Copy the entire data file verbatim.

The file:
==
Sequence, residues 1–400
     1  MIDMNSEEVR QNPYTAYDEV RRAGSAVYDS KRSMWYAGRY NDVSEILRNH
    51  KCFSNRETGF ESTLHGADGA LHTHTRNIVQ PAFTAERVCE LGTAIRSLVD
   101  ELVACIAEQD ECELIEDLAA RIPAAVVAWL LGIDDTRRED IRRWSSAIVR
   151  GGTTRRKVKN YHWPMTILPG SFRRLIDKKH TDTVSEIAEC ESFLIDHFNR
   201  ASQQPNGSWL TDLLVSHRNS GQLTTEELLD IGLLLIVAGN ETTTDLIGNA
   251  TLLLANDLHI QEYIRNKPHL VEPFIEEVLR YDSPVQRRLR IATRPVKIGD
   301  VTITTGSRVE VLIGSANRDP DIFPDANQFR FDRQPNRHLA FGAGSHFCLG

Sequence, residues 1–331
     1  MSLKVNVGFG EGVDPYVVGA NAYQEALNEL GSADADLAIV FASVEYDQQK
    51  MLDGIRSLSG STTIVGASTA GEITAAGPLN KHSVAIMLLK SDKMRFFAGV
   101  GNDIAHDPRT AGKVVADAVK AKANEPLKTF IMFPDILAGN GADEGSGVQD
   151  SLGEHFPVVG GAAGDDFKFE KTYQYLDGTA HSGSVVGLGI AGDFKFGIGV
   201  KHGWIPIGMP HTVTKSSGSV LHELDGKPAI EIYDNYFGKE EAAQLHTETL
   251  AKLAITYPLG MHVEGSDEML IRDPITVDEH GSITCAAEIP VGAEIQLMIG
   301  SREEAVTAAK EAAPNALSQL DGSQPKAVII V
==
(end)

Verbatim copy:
Sequence, residues 1–400
     1  MIDMNSEEVR QNPYTAYDEV RRAGSAVYDS KRSMWYAGRY NDVSEILRNH
    51  KCFSNRETGF ESTLHGADGA LHTHTRNIVQ PAFTAERVCE LGTAIRSLVD
   101  ELVACIAEQD ECELIEDLAA RIPAAVVAWL LGIDDTRRED IRRWSSAIVR
   151  GGTTRRKVKN YHWPMTILPG SFRRLIDKKH TDTVSEIAEC ESFLIDHFNR
   201  ASQQPNGSWL TDLLVSHRNS GQLTTEELLD IGLLLIVAGN ETTTDLIGNA
   251  TLLLANDLHI QEYIRNKPHL VEPFIEEVLR YDSPVQRRLR IATRPVKIGD
   301  VTITTGSRVE VLIGSANRDP DIFPDANQFR FDRQPNRHLA FGAGSHFCLG

Sequence, residues 1–331
     1  MSLKVNVGFG EGVDPYVVGA NAYQEALNEL GSADADLAIV FASVEYDQQK
    51  MLDGIRSLSG STTIVGASTA GEITAAGPLN KHSVAIMLLK SDKMRFFAGV
   101  GNDIAHDPRT AGKVVADAVK AKANEPLKTF IMFPDILAGN GADEGSGVQD
   151  SLGEHFPVVG GAAGDDFKFE KTYQYLDGTA HSGSVVGLGI AGDFKFGIGV
   201  KHGWIPIGMP HTVTKSSGSV LHELDGKPAI EIYDNYFGKE EAAQLHTETL
   251  AKLAITYPLG MHVEGSDEML IRDPITVDEH GSITCAAEIP VGAEIQLMIG
   301  SREEAVTAAK EAAPNALSQL DGSQPKAVII V